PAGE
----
A guinea pigs claws grow constantly and they are unable to keep the nails short themselves. Wild cavies walk around on hard surfaces which is an excellent way to keep their claws short, however for domestic guinea pigs it is unsafe for them to do this as it may result in injury.
Caring for your guinea pigs nails should form part of your daily routine as long nails can result in broken foot bones or Bumblefoot which is a bacterial infection of the foot. Long guinea pig nails can grow straight and others can grow curling upwards which can cause considerable discomfort to your guinea pig.
The nails of young guinea pigs grown sharp and pointed, but regular clipping can help to blunt their sharpness. A guinea pigs nails change as they age and older guinea pig nails are brittle and can grow more misshapen.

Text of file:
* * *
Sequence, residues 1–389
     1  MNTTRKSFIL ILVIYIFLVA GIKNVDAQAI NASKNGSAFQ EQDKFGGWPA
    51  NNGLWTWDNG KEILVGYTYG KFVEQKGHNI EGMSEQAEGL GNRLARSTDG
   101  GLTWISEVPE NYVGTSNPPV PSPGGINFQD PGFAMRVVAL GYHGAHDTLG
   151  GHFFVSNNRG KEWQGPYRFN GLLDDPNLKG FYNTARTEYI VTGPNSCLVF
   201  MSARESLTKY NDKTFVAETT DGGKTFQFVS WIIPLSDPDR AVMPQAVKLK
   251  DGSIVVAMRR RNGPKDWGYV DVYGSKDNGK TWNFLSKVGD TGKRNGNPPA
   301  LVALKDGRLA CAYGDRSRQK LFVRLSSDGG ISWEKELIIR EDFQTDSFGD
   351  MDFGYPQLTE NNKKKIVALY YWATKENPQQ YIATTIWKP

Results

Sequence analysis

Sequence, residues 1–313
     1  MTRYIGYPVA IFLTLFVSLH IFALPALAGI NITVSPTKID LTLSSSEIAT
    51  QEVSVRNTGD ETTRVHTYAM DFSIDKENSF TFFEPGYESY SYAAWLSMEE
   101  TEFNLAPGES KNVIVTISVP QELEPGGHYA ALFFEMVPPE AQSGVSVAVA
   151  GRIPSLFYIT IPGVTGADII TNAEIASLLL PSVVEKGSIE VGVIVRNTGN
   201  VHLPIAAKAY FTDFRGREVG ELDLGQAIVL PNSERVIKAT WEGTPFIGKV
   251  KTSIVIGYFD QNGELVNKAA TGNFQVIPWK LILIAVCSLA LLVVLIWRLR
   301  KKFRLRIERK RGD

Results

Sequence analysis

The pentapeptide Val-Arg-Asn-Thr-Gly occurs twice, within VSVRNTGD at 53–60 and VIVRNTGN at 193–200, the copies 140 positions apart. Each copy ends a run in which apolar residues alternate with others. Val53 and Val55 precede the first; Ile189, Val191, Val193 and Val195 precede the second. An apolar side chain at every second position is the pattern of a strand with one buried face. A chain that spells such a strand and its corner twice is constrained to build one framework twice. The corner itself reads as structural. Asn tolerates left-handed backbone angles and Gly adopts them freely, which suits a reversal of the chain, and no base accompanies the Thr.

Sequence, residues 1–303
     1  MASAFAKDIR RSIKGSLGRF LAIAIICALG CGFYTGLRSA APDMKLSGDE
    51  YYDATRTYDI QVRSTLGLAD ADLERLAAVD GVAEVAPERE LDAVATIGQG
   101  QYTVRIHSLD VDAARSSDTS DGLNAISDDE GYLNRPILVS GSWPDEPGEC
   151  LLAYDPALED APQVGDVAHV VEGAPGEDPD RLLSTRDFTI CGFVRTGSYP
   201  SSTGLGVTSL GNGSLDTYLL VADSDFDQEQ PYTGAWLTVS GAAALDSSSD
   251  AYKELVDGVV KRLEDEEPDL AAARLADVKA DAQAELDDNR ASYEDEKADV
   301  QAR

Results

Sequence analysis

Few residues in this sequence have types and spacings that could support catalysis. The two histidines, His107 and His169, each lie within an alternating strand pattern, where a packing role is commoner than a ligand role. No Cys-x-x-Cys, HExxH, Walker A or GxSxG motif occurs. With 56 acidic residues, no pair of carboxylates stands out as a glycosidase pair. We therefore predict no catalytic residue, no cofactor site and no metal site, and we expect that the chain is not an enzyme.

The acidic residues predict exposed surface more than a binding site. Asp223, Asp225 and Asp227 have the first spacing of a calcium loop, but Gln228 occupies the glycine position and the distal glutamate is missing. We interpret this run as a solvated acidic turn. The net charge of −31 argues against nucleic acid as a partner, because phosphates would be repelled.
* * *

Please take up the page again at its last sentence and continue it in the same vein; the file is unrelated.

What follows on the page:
Some people believe placing a stone inside the cage or sandpaper is a way of keeping the nails short but we have found these methods do not work and can result in injury to your little guinea pig friend.
What you will need
Not much equipment is required for clipping your guinea pigs. You should invest in some good quality round-ended scissors like these that we use although there are some other good choices such as these nail clippers